Elizabeth Alexander and a Freed Slave's Journey of a Lifetime

In this second excerpt from Henry Louis Gates Jr.'s book Faces of America, The Root's editor-in-chief details the research into writer Elizabeth Alexander's slave ancestry -- outside the U.S.

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Elizabeth and I both wanted to know more about Edward's slave past. His baptismal record notes that he was a domestic servant and that he lived in Northampton. This was not a familiar place name to us, so our researchers began searching and found hand-drawn maps from the early nineteenth century of St. Elizabeth Parish. They showed that the parish contained something called "Northampton Pen." The word pen was the Jamaican term at that time for a cattle farm, and Northampton Pen was one of the largest pens in the country -- including a plantation house and an estate of over fifteen hundred acres. This is where Elizabeth's great-great-grandfather and most likely his parents were slaves.

The farm is a ruin today, just some walls, the bare remains of some kind of entrance gate, open fields crossed by a single road, and lots of goats. But in the first decades of the 1800s, it was a very significant operation, owned by an Englishman named John Chambers. Records show that in 1826 Chambers owned 299 slaves. That's a large number of slaves for Jamaica and is much larger than most plantations in the United States held, even at the height of slavery here. When Chambers died in 1832, the inventory of his estate listed all his slaves. On the list is a boy named Edward, age two and a half years, valued at forty pounds (which would be about forty-five hundred dollars today). Incredibly, this two-and-a-half-year-old boy is Elizabeth's great-great-grandfather.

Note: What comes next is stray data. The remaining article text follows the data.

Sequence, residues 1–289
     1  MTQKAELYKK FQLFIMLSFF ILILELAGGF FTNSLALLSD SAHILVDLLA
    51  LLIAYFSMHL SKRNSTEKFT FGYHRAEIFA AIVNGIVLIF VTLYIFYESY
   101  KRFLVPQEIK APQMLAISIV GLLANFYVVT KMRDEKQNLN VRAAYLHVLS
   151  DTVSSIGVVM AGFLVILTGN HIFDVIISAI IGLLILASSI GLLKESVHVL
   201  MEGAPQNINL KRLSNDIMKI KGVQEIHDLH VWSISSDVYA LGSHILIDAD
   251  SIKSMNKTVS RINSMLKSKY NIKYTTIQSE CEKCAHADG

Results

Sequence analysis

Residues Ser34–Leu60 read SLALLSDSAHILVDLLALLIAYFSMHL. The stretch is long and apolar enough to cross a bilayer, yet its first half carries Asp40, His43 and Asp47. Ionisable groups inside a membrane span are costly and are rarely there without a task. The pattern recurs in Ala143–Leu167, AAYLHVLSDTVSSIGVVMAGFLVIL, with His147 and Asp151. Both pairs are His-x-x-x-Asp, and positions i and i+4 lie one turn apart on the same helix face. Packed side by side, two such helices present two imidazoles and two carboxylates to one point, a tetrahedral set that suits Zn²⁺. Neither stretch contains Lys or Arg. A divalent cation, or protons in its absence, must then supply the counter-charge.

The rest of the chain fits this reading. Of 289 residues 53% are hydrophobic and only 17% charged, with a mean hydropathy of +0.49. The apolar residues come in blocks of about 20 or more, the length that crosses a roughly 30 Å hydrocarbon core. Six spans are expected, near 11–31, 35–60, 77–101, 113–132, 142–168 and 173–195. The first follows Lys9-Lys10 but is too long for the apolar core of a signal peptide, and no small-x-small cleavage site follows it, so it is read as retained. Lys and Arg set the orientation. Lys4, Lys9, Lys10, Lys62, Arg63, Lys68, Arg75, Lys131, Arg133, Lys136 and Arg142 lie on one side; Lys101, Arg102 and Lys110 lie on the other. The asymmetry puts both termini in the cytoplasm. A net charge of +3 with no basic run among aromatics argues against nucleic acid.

"My God," said Elizabeth, looking at the record. "When you see in black and white what it is to be valued as property when you're a toddler -- I'm sorry, but that's hard to take."

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